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Charlie Duff

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Ministers defend ‘work activity’ scheme


Ministers have been forced to defend plans to compel the long-term unemployed to undertake manual work or lose benefits after the Archbishop of Canterbury branded the proposals unfair.

In a surprise intervention, Rowan Williams, the head of the Church of England, said he had “a lot of worries” about the coalition government Work Activity scheme, due to be announced by Work and Pensions Secretary Iain Duncan Smith this Thursday as part of a broader white paper on welfare reform.
Under the Work Activity Scheme, claimants thought to need “experience of the habits and routines of working life” would have to spend 30 hours a week for four weeks undertaking a placement such as picking up litter or gardening.
Potential candidates who were thought to require work discipline or were suspected of already having a job that they were not declaring would be identified by advisors in job centres. Those refusing to participate could lose benefits for at least three months.
But in an interview with the BBC, Williams said: “I don’t immediately think it’s fair. People who are struggling to find work and struggling to find a secure future are, I think, driven further into a downward spiral of uncertainty, even despair, when the pressure is on in that way.”
Such an initiative could make people feel “vulnerable” and “that’s the kind of unfairness that I feel”, he added.
The issue was that people were often not on benefits because they were “wicked, stupid or lazy, but because their circumstances are against them, they’ve failed to break through into something, and to drive that spiral deeper, as I say, does seem a great problem”, Williams said.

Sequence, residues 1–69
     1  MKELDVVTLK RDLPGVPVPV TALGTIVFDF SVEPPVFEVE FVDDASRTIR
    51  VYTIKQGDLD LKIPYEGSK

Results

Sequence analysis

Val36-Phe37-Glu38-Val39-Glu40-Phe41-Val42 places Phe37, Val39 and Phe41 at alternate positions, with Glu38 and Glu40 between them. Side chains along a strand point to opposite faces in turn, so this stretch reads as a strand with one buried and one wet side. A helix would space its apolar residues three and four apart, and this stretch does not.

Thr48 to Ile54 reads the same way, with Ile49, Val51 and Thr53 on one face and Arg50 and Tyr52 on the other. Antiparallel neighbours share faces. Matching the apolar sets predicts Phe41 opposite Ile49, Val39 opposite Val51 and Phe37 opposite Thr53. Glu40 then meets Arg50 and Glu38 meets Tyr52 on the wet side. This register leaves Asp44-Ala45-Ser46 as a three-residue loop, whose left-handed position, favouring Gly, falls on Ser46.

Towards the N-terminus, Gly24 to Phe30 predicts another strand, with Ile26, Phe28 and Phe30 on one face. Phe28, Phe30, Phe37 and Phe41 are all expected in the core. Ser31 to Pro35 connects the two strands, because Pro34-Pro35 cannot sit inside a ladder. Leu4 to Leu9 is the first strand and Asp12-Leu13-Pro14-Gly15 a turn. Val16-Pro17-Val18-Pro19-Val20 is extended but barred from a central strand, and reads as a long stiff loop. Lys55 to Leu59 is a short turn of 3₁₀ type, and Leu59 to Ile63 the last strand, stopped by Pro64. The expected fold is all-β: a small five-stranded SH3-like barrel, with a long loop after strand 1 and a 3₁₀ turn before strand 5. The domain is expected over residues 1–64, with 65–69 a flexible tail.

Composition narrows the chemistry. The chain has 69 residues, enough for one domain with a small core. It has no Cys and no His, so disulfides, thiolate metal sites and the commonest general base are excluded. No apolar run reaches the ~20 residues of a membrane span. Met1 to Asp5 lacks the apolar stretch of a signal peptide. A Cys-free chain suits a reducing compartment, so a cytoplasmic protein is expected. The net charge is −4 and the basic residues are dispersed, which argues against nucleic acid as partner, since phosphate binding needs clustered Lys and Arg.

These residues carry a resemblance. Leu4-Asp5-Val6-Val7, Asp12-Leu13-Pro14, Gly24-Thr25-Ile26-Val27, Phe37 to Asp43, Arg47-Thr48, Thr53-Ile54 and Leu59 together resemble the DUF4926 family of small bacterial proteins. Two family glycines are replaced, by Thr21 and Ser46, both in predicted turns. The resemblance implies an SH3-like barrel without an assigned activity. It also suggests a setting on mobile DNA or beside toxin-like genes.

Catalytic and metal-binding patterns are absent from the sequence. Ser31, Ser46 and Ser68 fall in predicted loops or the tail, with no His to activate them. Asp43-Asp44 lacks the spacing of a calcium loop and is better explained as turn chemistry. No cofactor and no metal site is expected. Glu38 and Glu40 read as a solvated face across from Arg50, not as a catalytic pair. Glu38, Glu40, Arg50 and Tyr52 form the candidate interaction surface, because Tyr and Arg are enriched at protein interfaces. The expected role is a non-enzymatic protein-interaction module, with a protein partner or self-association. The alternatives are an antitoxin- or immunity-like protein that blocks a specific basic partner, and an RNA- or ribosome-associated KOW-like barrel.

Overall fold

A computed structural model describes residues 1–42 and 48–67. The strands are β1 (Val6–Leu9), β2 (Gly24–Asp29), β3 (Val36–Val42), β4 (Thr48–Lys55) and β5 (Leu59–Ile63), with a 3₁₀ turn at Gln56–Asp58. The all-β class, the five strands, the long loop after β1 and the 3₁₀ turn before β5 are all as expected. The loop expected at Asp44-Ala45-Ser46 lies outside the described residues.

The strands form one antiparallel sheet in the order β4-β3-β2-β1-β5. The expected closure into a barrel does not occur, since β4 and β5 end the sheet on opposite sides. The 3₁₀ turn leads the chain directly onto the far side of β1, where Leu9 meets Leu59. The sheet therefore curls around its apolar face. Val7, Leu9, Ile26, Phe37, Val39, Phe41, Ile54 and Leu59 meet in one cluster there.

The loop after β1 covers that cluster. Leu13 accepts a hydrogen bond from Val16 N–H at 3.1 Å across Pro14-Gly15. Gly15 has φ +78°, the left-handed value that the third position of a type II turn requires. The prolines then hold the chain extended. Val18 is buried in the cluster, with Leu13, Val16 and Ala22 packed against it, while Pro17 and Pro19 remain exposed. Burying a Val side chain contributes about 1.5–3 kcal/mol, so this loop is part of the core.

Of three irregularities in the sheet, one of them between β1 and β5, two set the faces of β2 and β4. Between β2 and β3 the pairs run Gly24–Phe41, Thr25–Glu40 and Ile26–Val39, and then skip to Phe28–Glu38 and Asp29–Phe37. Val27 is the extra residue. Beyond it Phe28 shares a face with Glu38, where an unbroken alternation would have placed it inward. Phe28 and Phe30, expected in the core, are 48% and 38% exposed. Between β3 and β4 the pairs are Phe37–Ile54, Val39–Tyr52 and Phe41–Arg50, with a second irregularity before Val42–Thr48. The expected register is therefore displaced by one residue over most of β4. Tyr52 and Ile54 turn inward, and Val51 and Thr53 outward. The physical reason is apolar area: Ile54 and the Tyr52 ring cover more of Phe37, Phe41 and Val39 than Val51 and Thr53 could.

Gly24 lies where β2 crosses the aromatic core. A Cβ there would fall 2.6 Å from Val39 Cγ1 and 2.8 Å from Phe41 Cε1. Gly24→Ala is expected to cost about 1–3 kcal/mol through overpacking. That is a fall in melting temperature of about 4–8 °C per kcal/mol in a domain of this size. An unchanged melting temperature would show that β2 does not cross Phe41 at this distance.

But Chief Secretary to the Treasury Danny Alexander told the BBC Politics Show that the idea of the scheme was not to “punish or humiliate” claimants and denied the plans involved treating the long-term unemployed in the same way as criminals undertaking community service.
Instead the aim was to “support and encourage” people to get back into the habit of getting up and going out to work and to enable them to demonstrate to employers that they were employable, he said.
But Douglas Alexander, the Share Work and Pensions spokesman, retorted there was no point in penalising the unemployed when there were simply not enough jobs available.
“The Tories are focusing on the workshy but offering nothing to the workless, despite the fact that today, there are five unemployed people chasing every job vacancy in the country. The tragic flaw in the Tory approach is that, without work, it won’t work,” he said.

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Charlie Duff


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